Tuesday, 7 January 2014

December Birds

I'm dreaming of a white-horses Christmas. The view from the Obs on Christmas morning - another windy day. The weather has been rather wild over the winter, with the Good Shepherd unable to sail for 19 days at one stage.
Fair Isle managed to avoid the Ivory Gull ‘influx’ during December, although Susannah and I came close; being in Sunderland when news broke of one there. Sadly, despite spending an afternoon checking fish quays, beaches and car parks in a few of my old County Durham haunts, it had moved on. To then get a call a few days later from the Farne Islands wardens to tell me they were watching two Ivory Gulls in Seahouses (by which time I was in the car park of Sainsbury’s* in Bedford [*other supermarkets are available for receiving gutting bird news in]) didn’t help. The Yorkshire bird then turned up a couple of days too late (we’d already driven past it) and there was no chance of getting to Orkney or the Hebs birds (although we possibly sailed past the former on our way home). As the Parnaby family are off on our travels again through January, I’m hoping the Ivory Curse (good movie name there if anyone wants it), doesn’t strike by delivering one to Fair Isle whilst we’re away. I’ve a suspicion that somewhere in Shetland will get one of these Arctic beauties sometime in February/March, so fingers crossed one of the dead seals around Fair Isle will do the job for us then.
Not on Fair Isle. This fine ad Med Gull was at Marsden on the Durham coast and one of four or five we saw during our failed search for something even better (although Med Gull would have been a good enough bird in Durham itself back in my day).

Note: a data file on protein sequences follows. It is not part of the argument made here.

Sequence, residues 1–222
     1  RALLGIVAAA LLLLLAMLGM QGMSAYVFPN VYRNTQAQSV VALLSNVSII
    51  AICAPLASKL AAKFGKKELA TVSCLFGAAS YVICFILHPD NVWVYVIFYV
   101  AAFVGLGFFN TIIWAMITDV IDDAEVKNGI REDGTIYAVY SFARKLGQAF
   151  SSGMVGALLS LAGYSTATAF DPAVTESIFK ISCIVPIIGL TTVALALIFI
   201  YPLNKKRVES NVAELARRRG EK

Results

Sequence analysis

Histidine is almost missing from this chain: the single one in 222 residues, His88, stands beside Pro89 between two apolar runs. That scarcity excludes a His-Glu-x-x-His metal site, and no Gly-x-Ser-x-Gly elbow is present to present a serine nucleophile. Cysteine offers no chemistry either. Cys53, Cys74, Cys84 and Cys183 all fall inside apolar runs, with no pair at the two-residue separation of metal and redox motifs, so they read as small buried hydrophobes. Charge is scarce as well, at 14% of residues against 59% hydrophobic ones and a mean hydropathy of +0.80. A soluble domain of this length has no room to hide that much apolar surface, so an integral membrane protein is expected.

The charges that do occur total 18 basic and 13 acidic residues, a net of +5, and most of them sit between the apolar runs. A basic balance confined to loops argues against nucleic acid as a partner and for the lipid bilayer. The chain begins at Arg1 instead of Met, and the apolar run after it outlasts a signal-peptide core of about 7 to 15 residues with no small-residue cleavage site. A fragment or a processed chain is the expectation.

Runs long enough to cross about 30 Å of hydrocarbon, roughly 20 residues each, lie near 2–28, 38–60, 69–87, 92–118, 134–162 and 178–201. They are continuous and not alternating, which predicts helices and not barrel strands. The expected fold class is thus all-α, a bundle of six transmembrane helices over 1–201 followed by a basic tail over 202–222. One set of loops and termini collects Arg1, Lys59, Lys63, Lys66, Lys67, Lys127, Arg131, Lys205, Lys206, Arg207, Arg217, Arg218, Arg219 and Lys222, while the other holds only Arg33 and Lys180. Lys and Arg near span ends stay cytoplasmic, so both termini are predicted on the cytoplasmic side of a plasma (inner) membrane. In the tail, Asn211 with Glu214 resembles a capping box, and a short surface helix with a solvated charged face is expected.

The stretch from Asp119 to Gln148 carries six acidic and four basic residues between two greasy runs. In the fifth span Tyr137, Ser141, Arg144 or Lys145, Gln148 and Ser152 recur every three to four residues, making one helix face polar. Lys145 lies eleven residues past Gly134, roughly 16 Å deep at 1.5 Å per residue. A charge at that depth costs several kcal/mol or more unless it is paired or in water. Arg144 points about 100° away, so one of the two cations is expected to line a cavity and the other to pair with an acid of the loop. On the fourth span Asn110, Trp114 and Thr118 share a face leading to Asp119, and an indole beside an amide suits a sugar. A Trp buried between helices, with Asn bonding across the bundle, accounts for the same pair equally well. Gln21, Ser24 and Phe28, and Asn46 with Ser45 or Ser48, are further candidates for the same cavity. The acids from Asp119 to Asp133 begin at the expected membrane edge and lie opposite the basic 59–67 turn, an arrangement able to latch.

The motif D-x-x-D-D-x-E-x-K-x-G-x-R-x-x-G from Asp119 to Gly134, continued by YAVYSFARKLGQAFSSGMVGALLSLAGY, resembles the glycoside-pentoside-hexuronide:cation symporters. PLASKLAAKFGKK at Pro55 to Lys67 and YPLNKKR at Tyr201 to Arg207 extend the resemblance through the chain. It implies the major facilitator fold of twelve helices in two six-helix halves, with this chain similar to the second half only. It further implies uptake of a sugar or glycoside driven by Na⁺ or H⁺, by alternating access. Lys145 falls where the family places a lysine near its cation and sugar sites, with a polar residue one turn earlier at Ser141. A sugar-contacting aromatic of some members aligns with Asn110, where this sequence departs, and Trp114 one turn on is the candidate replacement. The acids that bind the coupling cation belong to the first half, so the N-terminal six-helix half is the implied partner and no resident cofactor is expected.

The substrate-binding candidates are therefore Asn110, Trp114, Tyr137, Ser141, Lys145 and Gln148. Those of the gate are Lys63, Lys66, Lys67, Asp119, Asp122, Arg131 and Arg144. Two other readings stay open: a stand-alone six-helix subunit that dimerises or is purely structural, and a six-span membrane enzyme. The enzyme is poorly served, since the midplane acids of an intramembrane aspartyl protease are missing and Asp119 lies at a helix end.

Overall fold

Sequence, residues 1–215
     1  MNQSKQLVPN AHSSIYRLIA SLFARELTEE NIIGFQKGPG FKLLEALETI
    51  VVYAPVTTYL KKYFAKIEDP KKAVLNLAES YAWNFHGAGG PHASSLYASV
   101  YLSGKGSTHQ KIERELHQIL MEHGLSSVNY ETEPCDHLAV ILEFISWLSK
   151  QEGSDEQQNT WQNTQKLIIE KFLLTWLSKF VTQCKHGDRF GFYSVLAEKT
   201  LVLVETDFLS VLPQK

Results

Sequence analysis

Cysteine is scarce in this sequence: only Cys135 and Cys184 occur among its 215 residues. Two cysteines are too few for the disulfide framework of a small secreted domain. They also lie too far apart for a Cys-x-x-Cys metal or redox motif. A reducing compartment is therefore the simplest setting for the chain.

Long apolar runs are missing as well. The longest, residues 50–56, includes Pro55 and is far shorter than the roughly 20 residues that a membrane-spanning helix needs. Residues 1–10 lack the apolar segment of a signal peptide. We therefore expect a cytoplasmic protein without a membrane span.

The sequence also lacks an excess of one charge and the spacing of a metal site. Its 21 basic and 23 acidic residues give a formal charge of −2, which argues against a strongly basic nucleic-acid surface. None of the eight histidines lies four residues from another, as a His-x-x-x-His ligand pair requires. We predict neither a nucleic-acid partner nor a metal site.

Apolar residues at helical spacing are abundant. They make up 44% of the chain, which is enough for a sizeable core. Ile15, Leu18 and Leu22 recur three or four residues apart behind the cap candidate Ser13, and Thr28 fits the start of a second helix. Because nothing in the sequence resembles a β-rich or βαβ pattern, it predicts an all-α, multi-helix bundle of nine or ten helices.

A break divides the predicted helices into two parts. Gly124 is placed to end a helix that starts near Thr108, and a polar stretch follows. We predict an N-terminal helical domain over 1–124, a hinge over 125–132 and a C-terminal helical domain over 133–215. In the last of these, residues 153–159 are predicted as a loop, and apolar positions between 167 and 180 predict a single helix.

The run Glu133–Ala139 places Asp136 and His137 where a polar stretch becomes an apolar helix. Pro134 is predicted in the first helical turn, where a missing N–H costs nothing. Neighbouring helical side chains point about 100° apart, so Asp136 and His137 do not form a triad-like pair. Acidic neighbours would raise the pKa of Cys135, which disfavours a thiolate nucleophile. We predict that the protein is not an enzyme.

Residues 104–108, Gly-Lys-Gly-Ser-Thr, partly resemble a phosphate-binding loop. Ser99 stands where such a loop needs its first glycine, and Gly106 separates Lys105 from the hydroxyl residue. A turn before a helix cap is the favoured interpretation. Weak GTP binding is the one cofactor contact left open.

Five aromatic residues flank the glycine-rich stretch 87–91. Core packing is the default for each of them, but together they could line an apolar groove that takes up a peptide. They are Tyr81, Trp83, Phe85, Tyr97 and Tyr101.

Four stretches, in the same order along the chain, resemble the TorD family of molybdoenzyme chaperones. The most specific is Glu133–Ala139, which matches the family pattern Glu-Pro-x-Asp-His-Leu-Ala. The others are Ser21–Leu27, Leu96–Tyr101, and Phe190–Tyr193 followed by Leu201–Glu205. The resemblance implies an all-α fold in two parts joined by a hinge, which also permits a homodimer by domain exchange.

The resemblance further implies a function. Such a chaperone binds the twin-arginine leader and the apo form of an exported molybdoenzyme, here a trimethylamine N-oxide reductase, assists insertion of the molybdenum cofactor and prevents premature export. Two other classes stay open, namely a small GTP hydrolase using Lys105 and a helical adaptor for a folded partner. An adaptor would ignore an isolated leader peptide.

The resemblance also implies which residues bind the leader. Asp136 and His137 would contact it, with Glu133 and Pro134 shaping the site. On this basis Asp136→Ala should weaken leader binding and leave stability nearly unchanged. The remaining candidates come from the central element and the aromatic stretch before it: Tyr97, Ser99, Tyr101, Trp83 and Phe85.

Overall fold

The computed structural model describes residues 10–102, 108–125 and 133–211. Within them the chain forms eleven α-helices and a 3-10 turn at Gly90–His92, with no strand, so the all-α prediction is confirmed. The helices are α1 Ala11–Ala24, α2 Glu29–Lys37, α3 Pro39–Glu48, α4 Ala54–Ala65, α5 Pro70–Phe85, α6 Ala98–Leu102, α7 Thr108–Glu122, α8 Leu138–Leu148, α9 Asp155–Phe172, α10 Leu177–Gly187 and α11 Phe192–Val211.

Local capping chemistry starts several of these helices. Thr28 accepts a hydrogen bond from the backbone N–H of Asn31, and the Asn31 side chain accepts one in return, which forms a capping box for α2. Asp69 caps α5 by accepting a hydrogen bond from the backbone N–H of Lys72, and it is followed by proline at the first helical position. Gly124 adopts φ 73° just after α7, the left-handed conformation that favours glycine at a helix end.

Anyway, amongst the birds that actually turned up in December, there were Iceland Gull sightings on 9th and 17th-19th and Glaucous Gulls on 5th, 18th (3) and 28th, whilst one Black-headed Gull lingered through the month. There was a scattering of wildfowl, although we never get large numbers, with up to 2 Whooper Swans, 3 Pink-feet, a Barnacle Goose (to 3rd), 20 Wigeon, 5 Teal, 2 Long-tailed Duck and singles of Common Scoter, Goldeneye and Red-breasted Merganser. Whilst out at sea there was Great Northern Diver (26th) and a very unseasonal Puffin (29th).
Also unusual for the time of year were Black-tailed Godwits on 5th and 19th (spilling over from the North Ron wintering flock perhaps?) whilst other waders included peaks of 130 Turnstone, 30 Redshank, 13 Curlew, 5 Lapwings, 15 Purple Sandpipers and a Jack Snipe.
Typical wintering fodder were up to 15 Redwing, 10 Blackbird, 2 Fieldfare, a Song Thrush, 5 Robin, 6 Twite and 28 Snow Bunting, although a Meadow Pipit on 29th was less usual, as this species is largely absent from Fair Isle in the winter (only a few of the smaller birds tough it out, with the wintering passerine list above being added to only by Starling, House Sparrow, Rock Pipit and Fair Isle Wren). Birds lingering from earlier in the year included Grey Heron (to 13th), Merlin and two Water Rail (the latter two species seeming set to winter), whilst a Woodpigeon from 22nd was no doubt a bit puzzled as to where it had ended up.
Any other wildlife? New Year guising.
We hope you all had a good Christmas and New Year, we certainly did! Best wishes to you all for 2014 from all the Parnabys and everyone else from FIBO and thanks for your support during the last year.

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